October 27, 2006

Is the Opponent a Party to the Pre-grant Opposition Proceedings

I have consistently canvassed a proposition, much to the chagrin of legal puritans, that an opponent in a pre-grant opposition is not a party to the proceeding. In strict legalese it means that a pre-grant opposition proceeding before the Controller is not a proceeding inter partes. Though a bare reading of section 25(1) of the Patents Act, 1970 gives an impression that pre-grant opposition proceeding is between the applicant and the opponent, the details in the Act and the Rules point to the contrary. For starters, pre-grant opposition proceedings are entertained in the application stage where third parties cannot, and need not, be regarded as essential parties to the proceeding. For the reasons stated below, pre-grant opposition procedure can at best be regarded as a procedure to take into account the case presented by an opponent who is not a party to the proceeding and nothing more.

Firstly, a pre-grant opposition, though initiated by a third party, will be regarded as an extension of the application procedure as the opposition takes place before the grant of the application. For this reason, pre-grant opposition will be treated as a proceeding involving the Controller and the applicant. The role of the opponent is merely to supply information to the Controller. In fact, the power of the Controller to revoke and amend the patent is conferred under section 15 which may be exercised even without a pre-grant opposition. In other words, the outcome of the application can be the same even without an opposition.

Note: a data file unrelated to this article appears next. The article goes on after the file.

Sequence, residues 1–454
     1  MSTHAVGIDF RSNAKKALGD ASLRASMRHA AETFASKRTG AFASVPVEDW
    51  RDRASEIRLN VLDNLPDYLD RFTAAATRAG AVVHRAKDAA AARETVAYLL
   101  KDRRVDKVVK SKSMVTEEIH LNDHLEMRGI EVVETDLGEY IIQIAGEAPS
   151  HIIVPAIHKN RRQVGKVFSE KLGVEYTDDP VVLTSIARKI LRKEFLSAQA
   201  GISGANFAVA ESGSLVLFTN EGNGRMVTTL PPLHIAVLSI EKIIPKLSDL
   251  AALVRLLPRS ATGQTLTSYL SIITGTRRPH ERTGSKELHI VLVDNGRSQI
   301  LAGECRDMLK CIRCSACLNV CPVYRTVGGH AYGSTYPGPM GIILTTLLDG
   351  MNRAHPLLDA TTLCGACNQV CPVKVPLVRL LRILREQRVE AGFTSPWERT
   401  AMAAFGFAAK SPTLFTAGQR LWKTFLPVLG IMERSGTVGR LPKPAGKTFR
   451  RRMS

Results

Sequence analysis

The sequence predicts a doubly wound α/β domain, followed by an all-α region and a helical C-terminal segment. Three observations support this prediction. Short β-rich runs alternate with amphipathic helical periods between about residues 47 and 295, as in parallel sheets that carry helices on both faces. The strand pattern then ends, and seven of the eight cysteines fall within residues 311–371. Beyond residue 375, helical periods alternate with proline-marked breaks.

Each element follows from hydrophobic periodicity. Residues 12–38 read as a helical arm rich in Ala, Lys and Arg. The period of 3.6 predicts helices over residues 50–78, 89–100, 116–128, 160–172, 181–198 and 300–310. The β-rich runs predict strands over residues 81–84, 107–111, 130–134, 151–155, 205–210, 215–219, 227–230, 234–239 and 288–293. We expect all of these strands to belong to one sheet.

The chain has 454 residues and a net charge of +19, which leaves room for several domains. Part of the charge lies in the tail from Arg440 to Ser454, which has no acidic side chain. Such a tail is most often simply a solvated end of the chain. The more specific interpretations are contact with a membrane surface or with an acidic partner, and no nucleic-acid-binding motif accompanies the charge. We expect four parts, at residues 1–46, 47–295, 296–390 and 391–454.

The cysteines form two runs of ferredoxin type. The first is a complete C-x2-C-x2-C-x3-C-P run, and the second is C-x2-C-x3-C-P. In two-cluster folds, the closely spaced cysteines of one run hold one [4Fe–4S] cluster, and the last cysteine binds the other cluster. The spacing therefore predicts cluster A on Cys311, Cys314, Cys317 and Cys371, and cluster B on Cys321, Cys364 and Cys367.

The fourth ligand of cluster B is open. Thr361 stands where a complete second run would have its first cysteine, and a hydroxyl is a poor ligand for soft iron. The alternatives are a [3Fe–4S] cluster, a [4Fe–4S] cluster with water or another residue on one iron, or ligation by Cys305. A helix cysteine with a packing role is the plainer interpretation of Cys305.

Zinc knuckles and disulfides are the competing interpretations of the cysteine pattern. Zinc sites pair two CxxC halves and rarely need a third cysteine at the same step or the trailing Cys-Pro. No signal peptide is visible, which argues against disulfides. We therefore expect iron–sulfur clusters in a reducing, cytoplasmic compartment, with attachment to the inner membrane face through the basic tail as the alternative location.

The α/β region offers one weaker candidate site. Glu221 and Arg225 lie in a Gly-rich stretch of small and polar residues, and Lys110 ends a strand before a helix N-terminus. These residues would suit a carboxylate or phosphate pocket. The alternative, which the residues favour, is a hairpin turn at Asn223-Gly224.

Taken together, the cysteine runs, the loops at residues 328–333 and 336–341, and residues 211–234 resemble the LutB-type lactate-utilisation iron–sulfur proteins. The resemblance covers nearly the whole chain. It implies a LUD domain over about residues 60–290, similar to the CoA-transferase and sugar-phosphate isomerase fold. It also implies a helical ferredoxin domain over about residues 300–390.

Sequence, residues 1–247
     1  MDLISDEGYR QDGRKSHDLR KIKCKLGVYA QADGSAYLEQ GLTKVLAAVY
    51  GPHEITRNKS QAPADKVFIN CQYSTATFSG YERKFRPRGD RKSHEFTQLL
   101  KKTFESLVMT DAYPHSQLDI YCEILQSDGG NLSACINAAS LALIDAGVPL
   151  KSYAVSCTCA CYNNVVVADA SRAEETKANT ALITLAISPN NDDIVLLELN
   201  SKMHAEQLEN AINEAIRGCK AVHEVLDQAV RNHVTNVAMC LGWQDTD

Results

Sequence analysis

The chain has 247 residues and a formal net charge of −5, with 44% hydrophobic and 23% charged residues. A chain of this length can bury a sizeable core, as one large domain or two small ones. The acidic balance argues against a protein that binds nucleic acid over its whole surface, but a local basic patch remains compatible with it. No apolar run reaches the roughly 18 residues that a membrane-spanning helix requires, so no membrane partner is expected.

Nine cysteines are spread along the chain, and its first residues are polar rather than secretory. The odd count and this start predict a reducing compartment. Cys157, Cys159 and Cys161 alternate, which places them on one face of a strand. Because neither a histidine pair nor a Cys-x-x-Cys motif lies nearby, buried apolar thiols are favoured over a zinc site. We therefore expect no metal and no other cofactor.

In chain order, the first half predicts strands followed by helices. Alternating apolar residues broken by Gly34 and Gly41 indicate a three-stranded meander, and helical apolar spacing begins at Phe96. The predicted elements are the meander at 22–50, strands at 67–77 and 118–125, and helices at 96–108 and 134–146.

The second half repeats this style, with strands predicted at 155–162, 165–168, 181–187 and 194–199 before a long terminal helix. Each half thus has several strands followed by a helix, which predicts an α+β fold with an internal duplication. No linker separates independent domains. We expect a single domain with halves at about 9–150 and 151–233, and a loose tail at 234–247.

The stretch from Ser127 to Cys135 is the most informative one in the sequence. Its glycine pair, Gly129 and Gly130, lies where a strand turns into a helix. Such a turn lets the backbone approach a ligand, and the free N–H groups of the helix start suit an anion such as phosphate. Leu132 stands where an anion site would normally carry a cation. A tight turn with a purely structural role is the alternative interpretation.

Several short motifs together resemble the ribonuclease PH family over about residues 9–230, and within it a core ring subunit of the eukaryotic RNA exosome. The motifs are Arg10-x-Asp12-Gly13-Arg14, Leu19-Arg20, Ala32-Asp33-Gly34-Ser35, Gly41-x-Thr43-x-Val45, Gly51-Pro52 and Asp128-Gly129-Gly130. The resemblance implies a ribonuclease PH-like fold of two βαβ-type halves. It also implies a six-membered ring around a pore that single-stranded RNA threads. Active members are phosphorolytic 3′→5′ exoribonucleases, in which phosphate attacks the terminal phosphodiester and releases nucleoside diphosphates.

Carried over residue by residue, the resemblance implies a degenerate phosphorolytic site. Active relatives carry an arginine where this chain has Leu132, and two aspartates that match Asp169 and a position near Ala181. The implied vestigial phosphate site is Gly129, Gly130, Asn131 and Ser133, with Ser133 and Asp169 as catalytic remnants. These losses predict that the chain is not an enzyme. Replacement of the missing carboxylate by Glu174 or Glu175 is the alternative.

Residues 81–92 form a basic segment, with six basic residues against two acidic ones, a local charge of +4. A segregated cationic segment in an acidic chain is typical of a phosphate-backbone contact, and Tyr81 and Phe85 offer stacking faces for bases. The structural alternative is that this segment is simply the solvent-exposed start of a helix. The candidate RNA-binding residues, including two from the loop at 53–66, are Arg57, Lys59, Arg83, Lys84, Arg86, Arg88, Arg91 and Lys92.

Secondly, a brief comparison between the procedures of pre-grant and pos-grant opposition gives an unmistakable impression the pre-grant opposition proceedings are not intended to be a proceeding between parties. Unlike post-grant opposition where an opponent becomes a party by filing his notice of opposition in Form 7, pre-grant opposition requires only a written representation and as such there is no procedure by which the opponent can officially enter into the proceedings. In a country where things become 'official' on the payment of fees to the Government, the status of an opponent remains obscure as there is no fee for filing a pre-grant opposition. Furthermore, there is no specific provision similar to rule 63 by which an opponent can be eligible for costs of opposition.

Thirdly, the mere fact that a representation is made by the opponent in pre-grant opposition will not oblige the Controller to act upon it. The opposition will be entertained only 'if the Controller is of the opinion that application for patent shall be refused or the complete specification requires amendment'. The applicant will be informed about the opposition only if the Controller, in his opinion, is satisfied about the merits of the opposition.

Fourthly, the opponent will not be entitled to know the defence of the applicant in pre-grant proceedings. Unlike the procedure for post-grant opposition, the Act and the Rules do not detail the manner in which an opponent can get information about the applicant's defence.

Finally, as argued earlier, though an applicant can prefer an appeal from the order of the Controller in pre-grant opposition proceedings, there is no corresponding right of appeal for the opponent.

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